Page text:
An alternative, which for a long time was considered very attractive, is instead to store the private key on a smartcard (chipcard). But this requires that the workstation used for the application must have a smartcard reader attached. As workstations very rarely have such a reader built-in as standard, and as there is no single dominating standard for communicating with the chipcard, the only possibility is to attach an external unit and install a driver on the workstation, which is both time consuming and expensive.
Identification and security are major issues for solutions that allow the user to generate a digital signature. It is therefore an object of this invention to remove or ameliorate at least one of the problems associated with the prior art. In particular, an object is to reach a high security level, while at the same time give a flexible solution to the problem.
In addition, private keys stored on a workstation may appear “in the clear”, that is in a non-encrypted form, in the user's computer's cache or printer cache or spooler, or otherwise on an Internet Service Provider (ISP) cache, even if deleted from the user's computer. In fact, even deleted items can be recovered from a computer using specialised techniques to recover data from hard disk drives etc. Indeed, whenever the private key is used for signature generation, it has to be provided in unprotected form.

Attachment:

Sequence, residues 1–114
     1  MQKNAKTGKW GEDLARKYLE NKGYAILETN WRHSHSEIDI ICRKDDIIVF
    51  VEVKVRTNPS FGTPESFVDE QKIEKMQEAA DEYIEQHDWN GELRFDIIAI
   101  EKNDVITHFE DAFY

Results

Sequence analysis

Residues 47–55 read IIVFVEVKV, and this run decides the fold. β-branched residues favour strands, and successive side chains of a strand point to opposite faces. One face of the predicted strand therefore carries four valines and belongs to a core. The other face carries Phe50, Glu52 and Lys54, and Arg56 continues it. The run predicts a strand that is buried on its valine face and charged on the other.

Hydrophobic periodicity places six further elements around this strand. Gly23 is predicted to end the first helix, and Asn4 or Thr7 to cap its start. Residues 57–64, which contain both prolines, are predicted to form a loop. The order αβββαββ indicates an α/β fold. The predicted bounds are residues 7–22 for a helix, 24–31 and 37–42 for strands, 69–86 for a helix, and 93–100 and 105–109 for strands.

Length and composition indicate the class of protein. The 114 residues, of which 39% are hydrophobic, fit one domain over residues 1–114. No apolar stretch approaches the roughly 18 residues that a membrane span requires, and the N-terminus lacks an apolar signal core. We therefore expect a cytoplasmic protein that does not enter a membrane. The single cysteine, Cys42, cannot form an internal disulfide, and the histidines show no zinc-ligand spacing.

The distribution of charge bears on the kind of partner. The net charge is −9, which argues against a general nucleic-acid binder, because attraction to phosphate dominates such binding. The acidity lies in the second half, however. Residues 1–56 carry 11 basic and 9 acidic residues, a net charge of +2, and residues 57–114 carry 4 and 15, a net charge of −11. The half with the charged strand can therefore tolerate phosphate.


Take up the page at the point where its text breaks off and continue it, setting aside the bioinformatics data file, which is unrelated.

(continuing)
Other solutions to the security problem allow the user to download their private key from a central server and generate the signature on the workstation in software. This yields the mobility but it is still vulnerable to attacks if the workstation is insecure, which it typically is unless there are restrictions on which workstations can be used to download the private key.
In an embodiment of the present invention, the private key of the user is stored centrally on a certifying apparatus consisting of one of more servers—not necessarily all at the same physical site. The servers are tamper resistant, typically employing a Hardware Security Module (HSM) such as an IBM 4758 with a limited command set available. One of these servers, called the signature server, contains the private keys of different users, initiated in such a way that only the rightful owner can initiate signature generation with his own private key.
According to the invention there is provided a method of certifying data supplied by a user by generating a digital signature or similar on this data at his control by means of his private key, the method comprising receiving the data to be certified at a certifying apparatus from a source device, certifying the data at the certifying apparatus with one or more elements of information secure to the certifying apparatus, said elements being unique to the user and outputting the data so certified from the certifying apparatus, for passing to a recipient device, wherein the elements of secure information certify that the supplier of the data is the user.